British Columbia

Modern nomads Hanggai bring their rock 'n' roll to B.C.

You don't need to speak their language to be captivated by Hanggai's powerful music. Listening to their most recent album, "He Who Travels Far," is a fascinating musical experience.

Mongolian folk-rockers Hanggai play a free outdoor show from 12 p.m. to 1 p.m. today at CBC Vancouver

Mongolian crossover band Hanggai has been described as the pioneer of "Chinagrass" music. (CBC)

You don't need to speak their language to be captivated by Hanggai's powerful music.

Listening to their most recent album, He Who Travels Far, is a fascinating musical experience: The 14-track album features an eclectic mix of traditional instruments and Khoomei, a type of throat singing, heavy progressive rock and even an upbeat sing-along (Drinking Song).

The result is a musical journey through an idyllic natural Mongolian landscape, and that is exactly what "Hanggai" means. It is an ancient Mongol word describing all of nature's features — the grasslands, the river and the mountains — in one place.

Although Hanggai makes music that is rooted in Mongolian tradition, complete with the best traditional rock star attire around, the band's members are actually modern city folk living in Beijing (not exactly the pristine nomadic countryside).

CBC Associate Producer Bianca Cervantes spoke to Ilchi and Ailun of Hanggai to find out why fans can't help but go 'crazy' over their music.

Q: Hanggai has managed to seamlessly blend traditional Mongolian folk music and rock. Are you music pioneers? Are there other artists who have successfully mixed these two genres?

Ailun: I think lots of bands do this but, in China, Hanggai is the first band to play all over the world and in lots of festivals.

Q: Why do you think people find your music so powerful?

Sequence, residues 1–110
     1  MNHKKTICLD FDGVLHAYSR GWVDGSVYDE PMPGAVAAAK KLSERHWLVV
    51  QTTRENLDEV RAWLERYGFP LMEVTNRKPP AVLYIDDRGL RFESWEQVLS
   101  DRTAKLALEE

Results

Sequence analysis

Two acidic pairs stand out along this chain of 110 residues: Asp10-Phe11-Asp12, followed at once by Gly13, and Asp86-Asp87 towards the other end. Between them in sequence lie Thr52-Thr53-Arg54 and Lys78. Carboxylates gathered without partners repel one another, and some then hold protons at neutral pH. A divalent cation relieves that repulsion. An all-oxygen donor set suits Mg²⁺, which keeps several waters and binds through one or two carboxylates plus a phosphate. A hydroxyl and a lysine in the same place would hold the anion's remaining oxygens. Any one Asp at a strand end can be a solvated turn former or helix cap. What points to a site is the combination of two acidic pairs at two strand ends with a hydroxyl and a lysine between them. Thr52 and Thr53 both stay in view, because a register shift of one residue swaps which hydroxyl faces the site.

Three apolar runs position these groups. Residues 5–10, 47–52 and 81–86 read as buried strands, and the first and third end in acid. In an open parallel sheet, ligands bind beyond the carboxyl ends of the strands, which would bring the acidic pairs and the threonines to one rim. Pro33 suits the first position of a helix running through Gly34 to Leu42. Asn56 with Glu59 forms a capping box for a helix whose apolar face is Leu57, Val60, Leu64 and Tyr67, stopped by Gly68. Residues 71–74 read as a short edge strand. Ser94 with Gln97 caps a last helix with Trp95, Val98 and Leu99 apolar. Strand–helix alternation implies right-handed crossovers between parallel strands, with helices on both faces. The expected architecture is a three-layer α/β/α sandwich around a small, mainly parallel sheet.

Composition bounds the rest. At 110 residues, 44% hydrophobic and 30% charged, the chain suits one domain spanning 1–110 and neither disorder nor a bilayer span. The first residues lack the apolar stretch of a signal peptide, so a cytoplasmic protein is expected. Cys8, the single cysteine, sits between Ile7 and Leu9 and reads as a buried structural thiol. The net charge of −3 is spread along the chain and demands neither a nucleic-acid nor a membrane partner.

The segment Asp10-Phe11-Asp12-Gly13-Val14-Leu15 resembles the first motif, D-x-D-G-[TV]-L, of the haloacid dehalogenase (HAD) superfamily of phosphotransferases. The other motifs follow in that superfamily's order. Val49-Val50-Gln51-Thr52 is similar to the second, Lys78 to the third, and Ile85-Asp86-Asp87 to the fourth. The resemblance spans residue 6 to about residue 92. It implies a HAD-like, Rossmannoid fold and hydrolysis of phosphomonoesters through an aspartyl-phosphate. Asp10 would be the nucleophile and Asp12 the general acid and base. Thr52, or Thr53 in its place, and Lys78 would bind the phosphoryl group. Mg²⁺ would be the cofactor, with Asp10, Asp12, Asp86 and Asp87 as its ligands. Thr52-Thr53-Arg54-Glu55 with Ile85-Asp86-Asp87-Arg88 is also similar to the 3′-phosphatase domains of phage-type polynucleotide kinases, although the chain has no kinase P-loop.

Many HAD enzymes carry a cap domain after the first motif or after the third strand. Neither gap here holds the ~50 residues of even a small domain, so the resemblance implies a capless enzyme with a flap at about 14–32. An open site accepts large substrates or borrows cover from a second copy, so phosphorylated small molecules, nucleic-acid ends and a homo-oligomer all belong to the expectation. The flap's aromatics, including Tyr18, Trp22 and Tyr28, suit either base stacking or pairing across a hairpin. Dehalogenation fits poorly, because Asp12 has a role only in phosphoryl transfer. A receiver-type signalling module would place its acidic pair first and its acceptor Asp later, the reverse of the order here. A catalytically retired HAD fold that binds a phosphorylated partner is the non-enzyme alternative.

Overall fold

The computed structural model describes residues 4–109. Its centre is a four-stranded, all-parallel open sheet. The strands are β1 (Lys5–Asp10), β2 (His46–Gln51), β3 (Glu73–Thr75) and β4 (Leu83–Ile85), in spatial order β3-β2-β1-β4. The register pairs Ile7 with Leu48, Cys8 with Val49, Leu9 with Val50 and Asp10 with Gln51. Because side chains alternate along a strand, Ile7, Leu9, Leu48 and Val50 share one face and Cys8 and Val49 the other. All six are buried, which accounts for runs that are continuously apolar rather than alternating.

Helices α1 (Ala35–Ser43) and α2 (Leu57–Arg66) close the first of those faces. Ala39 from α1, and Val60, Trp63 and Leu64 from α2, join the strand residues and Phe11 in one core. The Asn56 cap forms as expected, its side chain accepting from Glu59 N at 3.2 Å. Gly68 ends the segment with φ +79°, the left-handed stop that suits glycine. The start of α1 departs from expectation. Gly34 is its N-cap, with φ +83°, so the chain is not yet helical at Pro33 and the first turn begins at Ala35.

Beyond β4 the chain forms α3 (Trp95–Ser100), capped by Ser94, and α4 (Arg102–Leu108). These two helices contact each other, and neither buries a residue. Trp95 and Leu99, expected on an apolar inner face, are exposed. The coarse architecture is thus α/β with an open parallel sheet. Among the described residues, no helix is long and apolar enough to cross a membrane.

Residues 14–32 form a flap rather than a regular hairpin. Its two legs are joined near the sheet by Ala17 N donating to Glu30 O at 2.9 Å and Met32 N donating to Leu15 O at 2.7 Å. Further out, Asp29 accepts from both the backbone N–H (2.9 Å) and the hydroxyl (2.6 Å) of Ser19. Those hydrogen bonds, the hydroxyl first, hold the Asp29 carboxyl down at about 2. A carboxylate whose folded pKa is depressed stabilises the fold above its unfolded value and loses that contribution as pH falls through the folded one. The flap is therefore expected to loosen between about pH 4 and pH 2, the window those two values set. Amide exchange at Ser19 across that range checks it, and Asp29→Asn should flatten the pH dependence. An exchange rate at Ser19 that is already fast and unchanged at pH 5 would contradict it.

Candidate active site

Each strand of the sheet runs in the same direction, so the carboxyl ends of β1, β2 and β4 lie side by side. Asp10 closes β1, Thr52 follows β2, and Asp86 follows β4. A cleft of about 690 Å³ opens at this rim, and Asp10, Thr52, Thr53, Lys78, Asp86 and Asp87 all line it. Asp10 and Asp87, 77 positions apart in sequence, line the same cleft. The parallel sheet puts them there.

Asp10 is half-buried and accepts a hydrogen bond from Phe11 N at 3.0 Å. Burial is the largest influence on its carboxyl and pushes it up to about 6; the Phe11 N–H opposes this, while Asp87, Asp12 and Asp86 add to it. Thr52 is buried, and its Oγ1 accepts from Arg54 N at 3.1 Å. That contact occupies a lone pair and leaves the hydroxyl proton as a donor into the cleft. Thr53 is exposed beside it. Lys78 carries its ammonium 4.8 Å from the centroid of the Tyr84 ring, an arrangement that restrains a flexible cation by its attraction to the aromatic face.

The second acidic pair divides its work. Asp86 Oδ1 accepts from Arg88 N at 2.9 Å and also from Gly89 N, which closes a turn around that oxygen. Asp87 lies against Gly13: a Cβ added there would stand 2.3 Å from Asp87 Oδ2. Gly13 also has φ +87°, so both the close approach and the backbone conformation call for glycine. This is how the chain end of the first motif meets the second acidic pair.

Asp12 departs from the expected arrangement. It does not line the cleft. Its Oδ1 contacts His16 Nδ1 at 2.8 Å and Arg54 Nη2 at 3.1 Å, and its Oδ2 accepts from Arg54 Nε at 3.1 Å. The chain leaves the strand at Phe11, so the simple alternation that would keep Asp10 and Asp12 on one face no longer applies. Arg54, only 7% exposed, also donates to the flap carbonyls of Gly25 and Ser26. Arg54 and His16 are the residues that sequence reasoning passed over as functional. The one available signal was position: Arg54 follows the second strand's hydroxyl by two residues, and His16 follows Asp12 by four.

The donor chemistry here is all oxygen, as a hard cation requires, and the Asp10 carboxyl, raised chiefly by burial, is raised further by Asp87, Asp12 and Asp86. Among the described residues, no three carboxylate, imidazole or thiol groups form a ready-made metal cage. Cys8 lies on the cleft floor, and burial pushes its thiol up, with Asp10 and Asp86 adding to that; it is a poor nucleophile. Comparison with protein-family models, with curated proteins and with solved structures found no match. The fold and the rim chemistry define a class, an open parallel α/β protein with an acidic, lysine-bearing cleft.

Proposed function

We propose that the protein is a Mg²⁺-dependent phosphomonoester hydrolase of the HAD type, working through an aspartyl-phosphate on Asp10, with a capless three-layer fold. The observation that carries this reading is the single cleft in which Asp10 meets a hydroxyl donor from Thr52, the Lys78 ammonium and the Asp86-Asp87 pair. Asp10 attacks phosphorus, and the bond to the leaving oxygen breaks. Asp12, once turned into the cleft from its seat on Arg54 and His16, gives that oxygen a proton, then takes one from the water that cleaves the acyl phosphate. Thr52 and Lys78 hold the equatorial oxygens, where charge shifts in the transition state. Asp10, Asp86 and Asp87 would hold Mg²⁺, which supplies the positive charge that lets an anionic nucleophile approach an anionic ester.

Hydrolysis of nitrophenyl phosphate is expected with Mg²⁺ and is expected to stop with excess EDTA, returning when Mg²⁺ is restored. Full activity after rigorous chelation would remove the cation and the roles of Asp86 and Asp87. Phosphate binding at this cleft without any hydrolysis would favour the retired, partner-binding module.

Ailun: Because people are crazy (laughs). No, I think they like the cultures mixing. They are interested in other cultures and they respect other people.

Q: What stories do you like to tell through your songs? Is there a common theme?

Ilchi: Mostly it is traditional music from hundreds of years ago when the nomads created it. We mostly sing about the nomads' lives, the people and nature, and how they were living in the grasslands and countryside. We sing about that and protecting nature.

Q) What do you love most about Mongolia?

Ailun: Mongolian people have soul.

Q) When it comes to rock music, what are your favourite bands?

Ilchi: I like all rock bands, the Rolling Stones, Led Zeppelin. Most of us have a rock background so we listen to a lot of different rock bands.

Q: What is Hanggai working on next?

Ilchi: We already finished the new album and it will be released in September. We also have a tour in China, some festivals, and next year in April and May we will come back to the United States and Canada to promote our new album.

In partnership with the Vancouver Folk Music Festival, Hanggai will play a free show today as part of CBC's Musical Nooners.

The outdoor stage is located on Hamilton Street between Robson and Georgia, and the show begins at 12 p.m. PT.